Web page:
Frontal reportage – are NFTs pure scams?

NFTs were the hype in 2021, with users sending at least $44.2 billion worth of NFTs on the Ethereum blockchain alone. In the current year the numbers flattened out a bit, despite all this the sales are still several billions. A report just published by the public broadcaster Frontal deals with the question of whether it is still worth entering the market. The title alone: ​​”NFT: The hype is over and you’re still not rich – with Aya Jaff I frontal” is beyond creepy and calls into question the objectivity of public service broadcasting. 4 reasons should confirm the thesis and 2 experts will be interviewed. We present the arguments and respond constructively to them.

The task for the public television company Frontal

First, the task of public service broadcasting, which includes the broadcaster Frontal, must be considered. This consists in reporting as diversely and objectively as possible on political and social issues. In principle, public media should help citizens form their own opinions on a wide range of subjects. The television companies thus provide a basic information supply to the population and remain politically and financially independent. The following shows whether the task is always fulfilled.

Accusation 1 – Before you serve, others serve first

Frontal came to this decision for two reasons. Because it costs money to offer your NFTs on most NFT marketplaces such as OpenSea. The question is whether it is objectionable. Most online marketplaces charge a fee to list items. The principle is therefore present in almost all industries, and the NFT market cannot be criticized negatively.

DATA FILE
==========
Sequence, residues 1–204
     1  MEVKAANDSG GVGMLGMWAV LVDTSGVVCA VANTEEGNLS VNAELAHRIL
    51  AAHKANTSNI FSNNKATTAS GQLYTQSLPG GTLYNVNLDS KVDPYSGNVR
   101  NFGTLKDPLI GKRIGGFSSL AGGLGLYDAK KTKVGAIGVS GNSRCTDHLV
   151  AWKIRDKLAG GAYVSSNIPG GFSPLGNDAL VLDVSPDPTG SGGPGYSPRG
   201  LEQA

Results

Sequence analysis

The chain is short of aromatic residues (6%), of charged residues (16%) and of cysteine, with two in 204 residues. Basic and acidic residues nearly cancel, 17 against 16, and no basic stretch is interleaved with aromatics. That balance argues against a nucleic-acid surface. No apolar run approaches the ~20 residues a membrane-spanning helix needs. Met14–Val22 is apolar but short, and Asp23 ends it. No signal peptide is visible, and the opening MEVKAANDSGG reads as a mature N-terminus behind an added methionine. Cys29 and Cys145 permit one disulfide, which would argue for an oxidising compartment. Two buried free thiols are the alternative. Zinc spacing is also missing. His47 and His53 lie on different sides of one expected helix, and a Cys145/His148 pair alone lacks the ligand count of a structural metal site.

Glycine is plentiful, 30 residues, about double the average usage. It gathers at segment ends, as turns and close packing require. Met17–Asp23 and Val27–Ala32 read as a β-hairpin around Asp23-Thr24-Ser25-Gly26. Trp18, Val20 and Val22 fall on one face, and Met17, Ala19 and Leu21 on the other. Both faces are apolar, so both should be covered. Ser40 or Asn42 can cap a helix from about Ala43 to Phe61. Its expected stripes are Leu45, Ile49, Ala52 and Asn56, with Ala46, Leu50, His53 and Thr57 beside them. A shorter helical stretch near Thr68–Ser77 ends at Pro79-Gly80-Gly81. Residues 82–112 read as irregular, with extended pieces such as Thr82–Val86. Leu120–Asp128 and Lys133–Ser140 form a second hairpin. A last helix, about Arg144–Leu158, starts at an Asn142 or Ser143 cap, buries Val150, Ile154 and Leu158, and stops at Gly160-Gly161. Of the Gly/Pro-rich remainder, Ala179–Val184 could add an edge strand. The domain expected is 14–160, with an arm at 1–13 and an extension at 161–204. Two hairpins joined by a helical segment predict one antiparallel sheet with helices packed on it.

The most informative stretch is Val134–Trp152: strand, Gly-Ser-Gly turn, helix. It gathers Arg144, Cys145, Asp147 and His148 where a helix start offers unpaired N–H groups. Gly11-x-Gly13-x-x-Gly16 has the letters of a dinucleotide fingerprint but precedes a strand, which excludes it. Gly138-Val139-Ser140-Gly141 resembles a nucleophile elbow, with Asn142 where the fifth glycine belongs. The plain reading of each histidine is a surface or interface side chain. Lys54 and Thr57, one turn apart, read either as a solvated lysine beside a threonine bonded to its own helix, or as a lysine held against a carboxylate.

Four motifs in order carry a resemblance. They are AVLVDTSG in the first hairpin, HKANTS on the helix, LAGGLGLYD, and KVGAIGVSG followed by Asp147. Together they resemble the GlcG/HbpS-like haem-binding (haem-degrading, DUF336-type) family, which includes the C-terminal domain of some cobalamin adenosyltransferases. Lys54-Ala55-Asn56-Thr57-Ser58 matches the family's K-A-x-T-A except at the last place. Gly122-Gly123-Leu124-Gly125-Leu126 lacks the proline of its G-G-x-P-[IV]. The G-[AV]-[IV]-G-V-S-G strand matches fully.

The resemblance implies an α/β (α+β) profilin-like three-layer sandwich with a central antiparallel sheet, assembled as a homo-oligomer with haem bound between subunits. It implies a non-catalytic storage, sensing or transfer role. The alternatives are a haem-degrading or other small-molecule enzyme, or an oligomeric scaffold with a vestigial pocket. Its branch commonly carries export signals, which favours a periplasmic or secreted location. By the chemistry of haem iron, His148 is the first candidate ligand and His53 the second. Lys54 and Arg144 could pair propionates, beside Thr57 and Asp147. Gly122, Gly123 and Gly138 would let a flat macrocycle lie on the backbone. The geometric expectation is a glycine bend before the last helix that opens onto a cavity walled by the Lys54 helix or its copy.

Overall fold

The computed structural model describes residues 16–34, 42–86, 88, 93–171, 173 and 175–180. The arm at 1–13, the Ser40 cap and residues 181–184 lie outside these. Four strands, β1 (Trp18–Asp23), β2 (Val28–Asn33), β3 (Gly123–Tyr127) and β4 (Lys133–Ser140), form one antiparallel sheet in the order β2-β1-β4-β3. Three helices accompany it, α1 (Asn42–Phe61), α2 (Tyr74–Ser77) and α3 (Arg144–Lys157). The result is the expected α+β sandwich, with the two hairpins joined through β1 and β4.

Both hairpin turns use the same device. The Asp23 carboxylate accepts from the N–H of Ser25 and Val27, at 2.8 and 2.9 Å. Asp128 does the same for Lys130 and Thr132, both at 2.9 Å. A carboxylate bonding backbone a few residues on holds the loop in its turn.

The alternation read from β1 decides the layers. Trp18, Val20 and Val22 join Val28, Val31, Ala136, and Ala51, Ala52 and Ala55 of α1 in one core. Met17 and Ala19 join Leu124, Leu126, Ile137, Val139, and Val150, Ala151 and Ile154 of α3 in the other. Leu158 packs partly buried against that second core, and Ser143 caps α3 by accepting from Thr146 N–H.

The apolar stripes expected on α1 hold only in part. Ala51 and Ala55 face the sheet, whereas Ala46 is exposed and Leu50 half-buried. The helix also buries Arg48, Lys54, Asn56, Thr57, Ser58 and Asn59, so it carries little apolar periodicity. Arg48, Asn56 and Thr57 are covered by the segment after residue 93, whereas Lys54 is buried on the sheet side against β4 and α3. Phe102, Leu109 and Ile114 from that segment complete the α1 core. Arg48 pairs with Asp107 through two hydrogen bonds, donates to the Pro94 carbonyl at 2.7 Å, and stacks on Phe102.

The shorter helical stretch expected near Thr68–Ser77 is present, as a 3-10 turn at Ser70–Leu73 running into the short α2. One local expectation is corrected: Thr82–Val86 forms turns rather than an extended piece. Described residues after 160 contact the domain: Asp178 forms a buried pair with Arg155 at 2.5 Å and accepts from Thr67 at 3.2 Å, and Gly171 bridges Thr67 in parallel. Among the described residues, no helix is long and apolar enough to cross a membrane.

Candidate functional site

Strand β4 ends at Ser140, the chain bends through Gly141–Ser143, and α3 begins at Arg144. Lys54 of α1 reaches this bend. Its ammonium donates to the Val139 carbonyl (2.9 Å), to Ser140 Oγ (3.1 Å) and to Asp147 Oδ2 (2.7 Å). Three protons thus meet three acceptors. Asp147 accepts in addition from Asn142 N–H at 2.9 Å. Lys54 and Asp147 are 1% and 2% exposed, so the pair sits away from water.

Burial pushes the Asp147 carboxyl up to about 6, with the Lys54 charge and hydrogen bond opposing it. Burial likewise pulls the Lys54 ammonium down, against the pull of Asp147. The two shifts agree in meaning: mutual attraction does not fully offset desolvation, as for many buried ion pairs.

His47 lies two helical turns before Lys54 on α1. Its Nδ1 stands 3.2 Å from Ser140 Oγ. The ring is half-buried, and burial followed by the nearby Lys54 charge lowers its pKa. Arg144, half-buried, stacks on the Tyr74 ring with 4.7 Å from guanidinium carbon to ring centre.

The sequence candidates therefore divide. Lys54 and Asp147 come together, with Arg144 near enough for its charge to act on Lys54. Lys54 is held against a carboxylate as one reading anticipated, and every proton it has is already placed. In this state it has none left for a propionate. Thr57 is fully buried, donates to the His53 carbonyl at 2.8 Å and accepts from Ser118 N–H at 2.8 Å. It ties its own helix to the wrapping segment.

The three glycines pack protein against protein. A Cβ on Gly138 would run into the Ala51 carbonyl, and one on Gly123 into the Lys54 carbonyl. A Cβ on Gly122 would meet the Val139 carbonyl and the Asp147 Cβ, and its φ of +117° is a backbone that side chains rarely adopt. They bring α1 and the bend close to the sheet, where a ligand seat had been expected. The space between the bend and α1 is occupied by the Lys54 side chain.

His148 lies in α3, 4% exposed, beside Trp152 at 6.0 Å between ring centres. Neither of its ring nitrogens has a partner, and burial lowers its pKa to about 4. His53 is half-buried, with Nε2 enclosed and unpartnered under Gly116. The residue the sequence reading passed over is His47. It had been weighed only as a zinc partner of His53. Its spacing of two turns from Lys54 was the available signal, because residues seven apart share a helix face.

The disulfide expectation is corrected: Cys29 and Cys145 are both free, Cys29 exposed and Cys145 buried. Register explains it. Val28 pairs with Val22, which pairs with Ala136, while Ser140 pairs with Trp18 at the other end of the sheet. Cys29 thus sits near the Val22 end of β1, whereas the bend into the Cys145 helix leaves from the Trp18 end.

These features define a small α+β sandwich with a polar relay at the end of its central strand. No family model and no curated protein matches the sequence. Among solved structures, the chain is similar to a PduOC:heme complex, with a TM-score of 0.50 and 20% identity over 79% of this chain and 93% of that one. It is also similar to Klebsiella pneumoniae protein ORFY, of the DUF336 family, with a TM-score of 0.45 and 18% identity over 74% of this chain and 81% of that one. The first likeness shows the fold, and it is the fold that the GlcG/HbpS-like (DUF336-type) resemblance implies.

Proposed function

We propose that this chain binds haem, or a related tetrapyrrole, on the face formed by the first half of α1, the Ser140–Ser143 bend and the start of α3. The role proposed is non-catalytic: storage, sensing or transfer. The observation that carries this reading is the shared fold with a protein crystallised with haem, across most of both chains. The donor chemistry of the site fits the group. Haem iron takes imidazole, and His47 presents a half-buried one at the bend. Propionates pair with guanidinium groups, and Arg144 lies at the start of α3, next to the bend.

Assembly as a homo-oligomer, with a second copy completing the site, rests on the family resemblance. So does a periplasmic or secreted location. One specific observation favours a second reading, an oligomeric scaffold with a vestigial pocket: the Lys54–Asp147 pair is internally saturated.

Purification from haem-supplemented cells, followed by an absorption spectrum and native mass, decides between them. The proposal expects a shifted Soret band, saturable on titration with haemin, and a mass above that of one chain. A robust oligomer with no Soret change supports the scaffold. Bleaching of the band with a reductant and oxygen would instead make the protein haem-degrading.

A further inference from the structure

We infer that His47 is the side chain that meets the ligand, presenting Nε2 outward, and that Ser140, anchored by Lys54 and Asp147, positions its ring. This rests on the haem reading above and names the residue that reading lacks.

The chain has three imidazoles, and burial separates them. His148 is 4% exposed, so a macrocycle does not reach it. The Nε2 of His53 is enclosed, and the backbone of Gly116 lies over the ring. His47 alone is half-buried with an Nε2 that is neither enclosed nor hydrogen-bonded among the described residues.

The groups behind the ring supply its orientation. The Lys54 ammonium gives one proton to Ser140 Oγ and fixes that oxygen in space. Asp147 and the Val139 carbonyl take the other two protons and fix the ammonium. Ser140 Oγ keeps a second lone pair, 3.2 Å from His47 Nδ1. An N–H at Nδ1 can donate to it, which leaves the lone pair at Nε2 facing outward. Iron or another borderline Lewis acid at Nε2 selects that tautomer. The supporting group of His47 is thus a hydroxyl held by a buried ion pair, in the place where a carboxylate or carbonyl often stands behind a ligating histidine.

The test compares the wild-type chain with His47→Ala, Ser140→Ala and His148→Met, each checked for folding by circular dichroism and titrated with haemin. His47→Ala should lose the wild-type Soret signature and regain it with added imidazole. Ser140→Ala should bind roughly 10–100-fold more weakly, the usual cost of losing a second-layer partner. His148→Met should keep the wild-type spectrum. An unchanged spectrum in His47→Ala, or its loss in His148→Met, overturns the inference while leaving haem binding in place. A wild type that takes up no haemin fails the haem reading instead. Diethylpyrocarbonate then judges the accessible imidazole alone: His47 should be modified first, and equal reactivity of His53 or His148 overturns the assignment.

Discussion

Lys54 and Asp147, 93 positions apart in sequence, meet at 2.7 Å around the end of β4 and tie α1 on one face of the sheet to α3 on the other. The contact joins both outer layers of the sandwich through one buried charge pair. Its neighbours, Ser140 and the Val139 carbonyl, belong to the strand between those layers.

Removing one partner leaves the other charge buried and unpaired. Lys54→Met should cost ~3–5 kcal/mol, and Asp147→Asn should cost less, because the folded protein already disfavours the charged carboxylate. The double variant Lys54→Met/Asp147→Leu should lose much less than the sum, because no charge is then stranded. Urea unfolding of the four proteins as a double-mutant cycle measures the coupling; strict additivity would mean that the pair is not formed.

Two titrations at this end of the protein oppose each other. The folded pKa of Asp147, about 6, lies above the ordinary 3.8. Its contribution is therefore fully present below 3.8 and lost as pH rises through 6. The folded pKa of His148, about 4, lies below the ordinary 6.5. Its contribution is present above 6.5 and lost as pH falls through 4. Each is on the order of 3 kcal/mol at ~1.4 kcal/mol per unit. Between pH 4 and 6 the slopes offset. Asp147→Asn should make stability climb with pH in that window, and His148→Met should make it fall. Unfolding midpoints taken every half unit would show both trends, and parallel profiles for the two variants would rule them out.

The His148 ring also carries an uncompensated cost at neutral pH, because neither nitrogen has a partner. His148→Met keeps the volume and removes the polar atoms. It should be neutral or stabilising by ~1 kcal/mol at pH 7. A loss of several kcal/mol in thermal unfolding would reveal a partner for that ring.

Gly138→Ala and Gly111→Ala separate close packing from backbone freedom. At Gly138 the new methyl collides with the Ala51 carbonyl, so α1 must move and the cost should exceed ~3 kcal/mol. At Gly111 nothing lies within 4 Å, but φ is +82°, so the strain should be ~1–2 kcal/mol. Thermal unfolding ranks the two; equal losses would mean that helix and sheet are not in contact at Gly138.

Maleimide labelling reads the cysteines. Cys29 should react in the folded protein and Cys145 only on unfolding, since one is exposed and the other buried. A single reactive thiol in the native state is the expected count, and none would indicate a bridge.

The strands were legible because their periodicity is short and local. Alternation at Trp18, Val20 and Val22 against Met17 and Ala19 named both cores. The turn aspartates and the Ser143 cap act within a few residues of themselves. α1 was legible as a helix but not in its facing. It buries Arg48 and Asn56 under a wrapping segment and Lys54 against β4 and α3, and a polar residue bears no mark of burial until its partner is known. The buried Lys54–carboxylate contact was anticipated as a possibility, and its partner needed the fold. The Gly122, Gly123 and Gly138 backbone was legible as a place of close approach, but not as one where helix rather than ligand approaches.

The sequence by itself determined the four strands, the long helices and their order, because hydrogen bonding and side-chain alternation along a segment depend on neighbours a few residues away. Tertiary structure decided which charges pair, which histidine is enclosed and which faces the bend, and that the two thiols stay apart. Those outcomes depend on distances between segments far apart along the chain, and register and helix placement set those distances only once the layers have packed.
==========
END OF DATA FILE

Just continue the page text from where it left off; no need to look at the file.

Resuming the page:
Furthermore, expert Henryk Plötz makes the claim that it is less likely to make money from an NFT than playing the lottery. All you need to do is look at relevant figures from the Non-Fungible.com market report. Buyers lost nearly $1.2 billion trading NFTs in the first quarter of 2022. This was offset by a gain on sales of $3.3 billion. He does not explain how expert Henryk Plötz calculates a winning probability of less than 1:140 million.

But that’s not even his criticism. In the interview he says the following: “It’s not even a zero-sum game, but a negative-sum game, for every action, really every action I do with it, there are transaction fees. These can range from $60 per campaign […]. It is [das Prinzip], the bank always wins. The bank is the people who run the blockchain.”

This accusation is wrong in several respects. In part, transaction fees are incurred when purchasing, but these do not always have to correspond to the mentioned high amount. It depends on which blockchain you bought the NFT on. Should the NFT be traded on the Ethereum blockchain, the transaction fees may actually be the said amount. On the other hand, if you buy an NFT on the Solana or Polygon blockchain, the transaction fees are close to zero.